To learn more about the Fed's history and its role in regulating the U.S. economy, search the Duke University Libraries catalog for the subject heading "Board of Governors of the Federal Reserve System (U.S.)". You’ll find titles like the recent e-book The Federal Reserve: What Everyone Needs to Know, The Federal Reserve System: A History, and an exhaustive 3-volume History of the Federal Reserve. For help locating these or other titles, be sure to Ask a Librarian.

Friday, October 4, 2013

Filling in the Government Gaps

Four days into a federal government shutdown, with no apparent end in sight, citizens are taking stock of the many services and resources which have been affected by the funding lapse. The news media has focused on the most highly-visible impact: thousands of federal workers furloughed or working without pay, hundreds of national parks and memorials shuttered from tourism, and the fate of the animals – and beloved webcams – at our National Zoo.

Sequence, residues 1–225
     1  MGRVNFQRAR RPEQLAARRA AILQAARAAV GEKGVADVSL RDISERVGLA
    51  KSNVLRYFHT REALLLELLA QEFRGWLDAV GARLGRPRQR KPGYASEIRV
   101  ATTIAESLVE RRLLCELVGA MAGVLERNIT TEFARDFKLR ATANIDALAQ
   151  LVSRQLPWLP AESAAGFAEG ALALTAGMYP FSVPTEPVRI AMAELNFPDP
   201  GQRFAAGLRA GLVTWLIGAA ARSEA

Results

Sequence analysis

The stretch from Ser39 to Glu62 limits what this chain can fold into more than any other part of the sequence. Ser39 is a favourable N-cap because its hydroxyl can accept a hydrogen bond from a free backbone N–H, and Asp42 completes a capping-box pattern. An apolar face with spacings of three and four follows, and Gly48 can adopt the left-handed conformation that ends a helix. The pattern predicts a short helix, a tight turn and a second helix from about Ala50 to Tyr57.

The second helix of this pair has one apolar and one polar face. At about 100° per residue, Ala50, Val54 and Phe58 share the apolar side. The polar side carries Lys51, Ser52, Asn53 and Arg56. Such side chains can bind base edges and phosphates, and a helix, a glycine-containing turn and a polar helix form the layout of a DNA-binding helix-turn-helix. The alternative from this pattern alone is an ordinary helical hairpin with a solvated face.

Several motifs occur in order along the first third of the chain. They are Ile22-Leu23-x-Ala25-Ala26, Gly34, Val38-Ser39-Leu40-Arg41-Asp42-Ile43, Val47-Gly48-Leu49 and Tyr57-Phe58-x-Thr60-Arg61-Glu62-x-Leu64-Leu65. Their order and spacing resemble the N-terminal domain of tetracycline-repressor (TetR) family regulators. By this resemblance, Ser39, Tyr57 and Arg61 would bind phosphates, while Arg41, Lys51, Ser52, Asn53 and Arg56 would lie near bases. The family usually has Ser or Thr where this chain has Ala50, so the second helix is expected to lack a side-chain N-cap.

But the less-obvious impact of the prolonged shutdown is becoming more apparent, as researchers attempt to access the many free federal online resources which have gone dark due to lack of staff and funding. Researchers have long been able to rely on the U.S. Government Printing Office and federal agencies for free copies of federal publications, but access during the shutdown has been unpredictable. Many websites went offline on October 1, displaying only a notice about the lack of funding. Even websites which have remained online (albeit without updates) experience frequent server outages due to lack of maintenance.